Fiction Friday, way way late: “Order of the Sakura”

This is new. A sketch of the alternate history of the Pacific Northwest in a Man in the High Castle scenario, told through a school essay by Protagonist. I wanted to explore the possible role of religion in a nation where religious institutions played a major role in an independence movement, as well as the possible syncretism that would come from a Japanese occupation of American west coast. Pretty raw, but interesting. The biggest challenge was writing in a deliberately awkward voice, simulating a young writer. Preamble by Protagonist’s biographer, long after his death.

The Order of the Sakura

We present, unedited and in full, an early paper from [protagonist]’s writing. We estimate that it was written in his late teens, probably an assignment for school. It is presented for what we feel to be historically significant glimmers of his future intellectual development; it is a work that both foreshadows the ethical underpinning of his career and shows significant changes to his thinking since his youth. While the writing is stilted and immature compared to his adult voice, there are early suggestions of the passionate, though even-handed, voice that he is known for today. The original copy had a notation; 3.5/5 5/5. We like to imagine it was his grade — 3.5 for style, 5 for substance, each on a five point scale.


Report: Order of the Sakura

The Order of the Sakura is a religious movement in the Pacific States of America formed as a Japanese-sponsored branch of Christianity acceptable to the tyrannical occupation. I chose this movement to write about because I’m interested in the interaction of Japanese and Western religious ideas, as well as the church and the state, and because there are parts of the religion that I like, even though I’m not religious.

After the Japanese Empire invasion of the west coast of America in the First Imperial War, the Empire suppressed the occupied population, taking away rights such as speech and assembly and, important for this essay, religion. The Japanese occupying force under Governor Yamamoto didn’t ban religions entirely, but they closed churches, harassed clergy, and discouraged open display of religious symbols other than approved Shintoist and Buddhist symbols. This suppression led to some violence against the occupying military, so when the occupation turned into a collaborationist sham government, the controlling force decided that there needed to be a way of allowing religion but keeping it under control.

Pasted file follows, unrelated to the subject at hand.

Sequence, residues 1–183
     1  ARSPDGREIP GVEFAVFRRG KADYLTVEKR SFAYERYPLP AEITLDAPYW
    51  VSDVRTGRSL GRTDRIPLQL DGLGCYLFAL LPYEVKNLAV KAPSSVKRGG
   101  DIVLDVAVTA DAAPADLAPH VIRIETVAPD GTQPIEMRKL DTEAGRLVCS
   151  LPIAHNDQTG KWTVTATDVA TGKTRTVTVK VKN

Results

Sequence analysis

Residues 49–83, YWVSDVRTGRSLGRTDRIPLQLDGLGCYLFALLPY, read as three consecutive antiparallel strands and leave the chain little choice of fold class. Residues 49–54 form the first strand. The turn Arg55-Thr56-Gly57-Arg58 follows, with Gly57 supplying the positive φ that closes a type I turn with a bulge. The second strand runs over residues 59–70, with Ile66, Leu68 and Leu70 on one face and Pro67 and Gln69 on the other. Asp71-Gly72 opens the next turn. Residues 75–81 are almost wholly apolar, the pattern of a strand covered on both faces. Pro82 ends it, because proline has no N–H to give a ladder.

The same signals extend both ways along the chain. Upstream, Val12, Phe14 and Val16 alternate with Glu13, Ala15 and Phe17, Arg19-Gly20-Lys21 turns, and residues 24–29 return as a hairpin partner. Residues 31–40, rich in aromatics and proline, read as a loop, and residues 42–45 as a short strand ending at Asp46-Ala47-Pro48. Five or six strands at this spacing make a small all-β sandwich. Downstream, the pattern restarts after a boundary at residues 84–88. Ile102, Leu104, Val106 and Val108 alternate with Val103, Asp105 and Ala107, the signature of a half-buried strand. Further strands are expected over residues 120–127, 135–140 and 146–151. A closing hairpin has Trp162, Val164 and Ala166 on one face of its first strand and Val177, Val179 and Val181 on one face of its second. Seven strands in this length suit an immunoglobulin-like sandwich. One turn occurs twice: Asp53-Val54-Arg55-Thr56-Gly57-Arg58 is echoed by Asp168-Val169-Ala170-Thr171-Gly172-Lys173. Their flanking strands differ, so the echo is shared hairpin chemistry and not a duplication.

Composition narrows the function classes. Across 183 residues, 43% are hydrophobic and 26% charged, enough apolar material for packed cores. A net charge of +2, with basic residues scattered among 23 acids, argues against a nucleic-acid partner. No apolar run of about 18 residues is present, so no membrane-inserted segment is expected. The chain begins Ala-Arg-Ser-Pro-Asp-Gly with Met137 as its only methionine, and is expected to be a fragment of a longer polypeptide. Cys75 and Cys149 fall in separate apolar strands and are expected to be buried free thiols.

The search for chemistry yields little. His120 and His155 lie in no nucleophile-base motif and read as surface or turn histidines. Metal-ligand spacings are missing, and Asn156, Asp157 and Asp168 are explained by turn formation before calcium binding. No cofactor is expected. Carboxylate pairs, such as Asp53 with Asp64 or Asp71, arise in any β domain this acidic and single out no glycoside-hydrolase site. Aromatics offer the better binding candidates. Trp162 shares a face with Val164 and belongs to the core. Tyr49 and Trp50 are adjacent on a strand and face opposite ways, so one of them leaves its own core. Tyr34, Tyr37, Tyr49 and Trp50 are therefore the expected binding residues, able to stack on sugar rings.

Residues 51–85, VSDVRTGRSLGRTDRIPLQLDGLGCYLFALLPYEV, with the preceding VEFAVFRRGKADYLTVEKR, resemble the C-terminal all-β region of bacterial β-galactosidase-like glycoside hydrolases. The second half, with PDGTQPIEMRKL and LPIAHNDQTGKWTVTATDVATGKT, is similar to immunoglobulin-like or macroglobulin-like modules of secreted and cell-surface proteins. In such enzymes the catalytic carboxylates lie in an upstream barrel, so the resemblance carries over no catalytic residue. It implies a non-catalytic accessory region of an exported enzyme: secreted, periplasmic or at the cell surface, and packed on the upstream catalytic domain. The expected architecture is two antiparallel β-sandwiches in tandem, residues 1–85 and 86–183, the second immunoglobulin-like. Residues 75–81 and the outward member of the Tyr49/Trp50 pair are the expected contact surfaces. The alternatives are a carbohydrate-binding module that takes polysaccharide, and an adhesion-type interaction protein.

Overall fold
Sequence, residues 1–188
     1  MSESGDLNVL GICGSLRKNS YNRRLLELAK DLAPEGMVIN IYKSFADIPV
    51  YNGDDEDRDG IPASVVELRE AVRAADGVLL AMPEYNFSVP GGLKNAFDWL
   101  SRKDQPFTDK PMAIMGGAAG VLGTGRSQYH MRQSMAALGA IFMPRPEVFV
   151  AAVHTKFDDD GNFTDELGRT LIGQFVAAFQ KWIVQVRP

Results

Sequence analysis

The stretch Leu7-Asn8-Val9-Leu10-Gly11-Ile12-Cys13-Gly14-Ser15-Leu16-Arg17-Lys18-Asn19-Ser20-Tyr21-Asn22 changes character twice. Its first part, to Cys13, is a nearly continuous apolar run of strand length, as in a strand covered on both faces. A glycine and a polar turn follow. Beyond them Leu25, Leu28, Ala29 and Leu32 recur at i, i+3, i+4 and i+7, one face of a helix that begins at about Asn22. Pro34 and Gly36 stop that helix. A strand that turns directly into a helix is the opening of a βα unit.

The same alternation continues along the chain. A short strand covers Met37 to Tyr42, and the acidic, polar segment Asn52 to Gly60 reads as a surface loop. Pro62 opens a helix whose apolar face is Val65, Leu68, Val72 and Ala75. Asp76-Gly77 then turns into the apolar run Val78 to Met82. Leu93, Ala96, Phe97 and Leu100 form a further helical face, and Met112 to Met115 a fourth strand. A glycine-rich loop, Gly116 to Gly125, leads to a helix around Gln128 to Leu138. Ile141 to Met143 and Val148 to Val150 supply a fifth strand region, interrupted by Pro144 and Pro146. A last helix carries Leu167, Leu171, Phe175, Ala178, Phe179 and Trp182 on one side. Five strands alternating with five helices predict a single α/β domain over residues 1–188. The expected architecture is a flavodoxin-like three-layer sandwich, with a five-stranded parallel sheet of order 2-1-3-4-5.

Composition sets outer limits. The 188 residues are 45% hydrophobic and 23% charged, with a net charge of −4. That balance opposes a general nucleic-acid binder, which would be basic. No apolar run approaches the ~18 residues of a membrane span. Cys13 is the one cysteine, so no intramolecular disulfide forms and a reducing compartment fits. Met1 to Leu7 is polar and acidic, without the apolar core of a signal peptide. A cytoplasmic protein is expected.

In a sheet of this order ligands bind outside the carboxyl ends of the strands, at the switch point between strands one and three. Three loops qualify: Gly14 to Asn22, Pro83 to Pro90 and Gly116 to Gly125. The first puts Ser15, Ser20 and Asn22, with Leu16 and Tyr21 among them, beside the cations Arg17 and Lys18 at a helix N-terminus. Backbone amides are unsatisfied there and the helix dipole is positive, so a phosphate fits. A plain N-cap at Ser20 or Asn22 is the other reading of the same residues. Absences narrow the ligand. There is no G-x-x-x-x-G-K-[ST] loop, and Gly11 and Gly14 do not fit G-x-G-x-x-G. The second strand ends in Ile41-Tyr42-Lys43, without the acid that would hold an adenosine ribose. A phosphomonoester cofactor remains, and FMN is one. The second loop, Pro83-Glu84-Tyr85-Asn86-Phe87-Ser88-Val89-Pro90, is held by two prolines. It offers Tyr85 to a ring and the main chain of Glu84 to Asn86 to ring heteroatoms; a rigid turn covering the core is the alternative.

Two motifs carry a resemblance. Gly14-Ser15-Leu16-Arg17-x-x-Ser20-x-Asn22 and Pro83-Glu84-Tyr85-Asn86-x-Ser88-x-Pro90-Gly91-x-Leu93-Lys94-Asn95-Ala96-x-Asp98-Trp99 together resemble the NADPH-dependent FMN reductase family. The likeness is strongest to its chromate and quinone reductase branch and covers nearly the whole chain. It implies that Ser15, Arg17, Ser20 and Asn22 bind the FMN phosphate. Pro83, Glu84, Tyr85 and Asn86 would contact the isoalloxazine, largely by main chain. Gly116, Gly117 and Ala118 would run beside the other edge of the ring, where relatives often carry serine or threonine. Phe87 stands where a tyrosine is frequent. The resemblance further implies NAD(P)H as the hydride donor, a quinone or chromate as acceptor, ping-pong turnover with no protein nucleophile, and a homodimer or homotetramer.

A conference was held in San Francisco in the Old St. Mary’s Church, chosen to reach out to Catholics, who were the hardest hit and most resentful of the religious oppression. Despite walkouts by many of the Christian leaders who couldn’t agree to the coercive “reforms”, an agreement was reached with accommodationist leaders from a variety of Christian churches, as well as some Jewish, Moslem, and other religious leaders. Japanese representatives had a great respect for the monastic tradition, which is very strong in Zen and Shinto religion, so the new church was organized on monastic lines, and given the name: the Order of the Sakura. (I will discuss the symbol of the Sakura later in this paper.)

Initially, the Order of the Sakura was distrusted, but more and more local religious leaders came to see that they kept a lot of freedom about how they performed their services even if they had to give up some parts of their doctrine. It seems that the occupation government was satisfied with outer support for show. For the first few years, the Order of the Sakura was little more than a show hierarchy that assigned government-loyal clerics to local churches.

However, in 1952, one man emerged from the hierarchy who would become the leader that made the Order of the Sakura a movement in its own right. That man is Prelate Alan Watts.

Now known for his role in the ongoing resistance against the collaborationist regime, Watts was first known in the Pacific States of America as a prominent young Episcopal minister in San Francisco. Originally from England, Watts had studied in New York to join the clergy. He was in San Francisco on an ecumenical exchange with a Zen Buddhist community when the west coast of the United States was locked down in preparation for a Japanese invasion, and was never able to return to New York. At this time, he later said in interviews, he was questioning his Christian faith in favour of Eastern religions, but he felt he could be of service to the Christian tradition by reviving a monastic contemplative practice.